Despite rumors of its demise, it appears Brian Michael Bendis’ “Powers” TV show, based on his award winning comic book series, is still very much alive. Or at least that’s what FX President John Landgraf said when asked about the show at the recent Television Critics Association shindig.
When it comes to “Powers”, Landgraf still sounded very gung-ho about the project, telling IGN that the cable network isn’t just committed to the show, they’re still moving forward with it, even if that means starting all over from scratch:
We’ve been through so many incarnations. After we made the pilot, we actually developed three more [episode] scripts. So then we had a pilot plus three scripts, and we decided between the pilot and the scripts that it wasn’t quite the series that we needed it to be. When I say we, by the way, Brian Bendis is involved in every phase of this conversation and discussion. But one of the scripts was written by this guy named Charlie Huston, and he was a novelist. Both I and Brian and others thought, “Wow, there is actually something in the tone of this.” So Charlie was approached, I think by Brian, and said, “Look, would you be interested in taking on Powers?” And Charlie said, “Well, I’ve never actually adapted anything before in my life. I have only written novels and stuff of my own, but Powers is my favorite graphic novel, and yes!”
So what ended up happening was we reconstituted the whole thing around Charlie as the creator, with Brian. Charlie went up to Seattle, and they sat down and they talked, and read through all the books, and they came back with a new vision, basically. Essentially, a new pilot to begin with, which is a new, different story than the pilot that we shot. So that pilot is officially gone and dead, and the actors are all gone, but we’re developing a whole new pilot from scratch.
As you’ll recall, “Powers” actually shot a pilot, with Jason Patric and Lucy Punch in starring roles. There was even this shot of official image of Patric from the show:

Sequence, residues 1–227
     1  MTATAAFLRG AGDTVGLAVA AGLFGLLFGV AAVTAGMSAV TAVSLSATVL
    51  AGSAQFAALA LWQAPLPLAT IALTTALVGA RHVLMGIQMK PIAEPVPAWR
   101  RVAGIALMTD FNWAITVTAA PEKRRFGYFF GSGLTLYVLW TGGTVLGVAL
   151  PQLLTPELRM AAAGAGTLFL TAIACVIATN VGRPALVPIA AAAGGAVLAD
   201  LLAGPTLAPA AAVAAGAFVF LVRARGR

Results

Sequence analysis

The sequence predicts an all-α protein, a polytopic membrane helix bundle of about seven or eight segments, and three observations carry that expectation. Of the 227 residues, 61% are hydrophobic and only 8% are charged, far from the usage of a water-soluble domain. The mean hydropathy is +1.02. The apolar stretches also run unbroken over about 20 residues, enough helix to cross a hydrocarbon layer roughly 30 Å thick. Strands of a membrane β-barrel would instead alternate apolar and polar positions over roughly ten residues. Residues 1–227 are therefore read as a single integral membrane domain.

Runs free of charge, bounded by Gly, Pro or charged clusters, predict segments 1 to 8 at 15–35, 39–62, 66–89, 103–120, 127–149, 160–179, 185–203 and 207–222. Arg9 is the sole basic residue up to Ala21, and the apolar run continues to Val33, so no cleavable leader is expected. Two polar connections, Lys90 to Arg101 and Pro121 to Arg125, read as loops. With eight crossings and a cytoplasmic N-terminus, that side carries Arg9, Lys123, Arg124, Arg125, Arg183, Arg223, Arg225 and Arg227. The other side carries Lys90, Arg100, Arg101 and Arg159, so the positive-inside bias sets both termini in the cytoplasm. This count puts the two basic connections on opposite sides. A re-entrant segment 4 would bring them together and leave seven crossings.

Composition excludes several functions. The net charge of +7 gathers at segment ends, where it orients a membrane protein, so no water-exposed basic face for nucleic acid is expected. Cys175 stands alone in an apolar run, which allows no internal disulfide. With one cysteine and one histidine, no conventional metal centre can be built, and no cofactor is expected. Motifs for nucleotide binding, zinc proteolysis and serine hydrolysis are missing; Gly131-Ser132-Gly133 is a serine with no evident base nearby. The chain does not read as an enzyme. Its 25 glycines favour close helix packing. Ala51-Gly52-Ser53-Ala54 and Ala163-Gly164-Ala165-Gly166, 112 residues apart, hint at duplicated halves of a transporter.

But it looks like they’re back to the drawing board. I gotta say, the pilot must have really sucked if they were willing to dump it and start all over again. Pilots don’t come cheap, you know; especially TV show pilots about superpowered people.
Meanwhile, things are moving along swimmingly on Guillermo del Toro’s “The Strain” TV series, about a vampire invasion of New York City based on the three books by Del Toro and Chuck Hogan. Landgraf sounds very sure that the show will get a full season order on its way to a glorious 4-5 year run. I guess he would know. He does run the network, after all.
Landgraf says of the upcoming show:
I’m so excited about that. I read through all the books. I’ve sat and talked to him and Chuck Hogan, his collaborator on the books, and Carlton Cuse, who’s going to be his collaborator and showrunner, about everything that’s great about those books. Those books haunted my dreams. But we also talked about what needs to change and what needs to grow and what needs to adapt. I think they’re on a really exciting front. I’m going to see the outline for the pilot soon, and I’ll see the pilot script in a few months. We actually hired designers, so I’m actually going to start to see maquettes and design elements in a month. Guillermo’s basically scheduling his life around directing both the pilot and basically functioning as a showrunner. We’re going to shoot it in Canada for financial reasons, because it’s an epic, epic story. It’s really expensive. But also because that’s where he’s doing his movie, and he’s going to move his family up there. We’ve already started talking to graphic and design houses, not only the one Guillermo’s affiliated with here but the ones in Canada. So I would say there’s an extremely high probability that’s going to be a series, not a pilot, but ultimately a season. And I think based on the books it’s going to be either three, four or five years, because I think we’re going to tell the basic epic story of the books. I think there are some places we’re going to expand or elaborate, but ultimately I think the beginning of the story is the beginning of the series and the end of the books is the end of the series. A lot of the stuff that happens in the middle will be the same, but a lot will be different. And we think trying to stretch that out for six or seven years would just be bad.
Hey, when you can get the guy who runs the network to dream about your TV show and get “really excited” about it, I guess your chances of getting on the air are pretty good.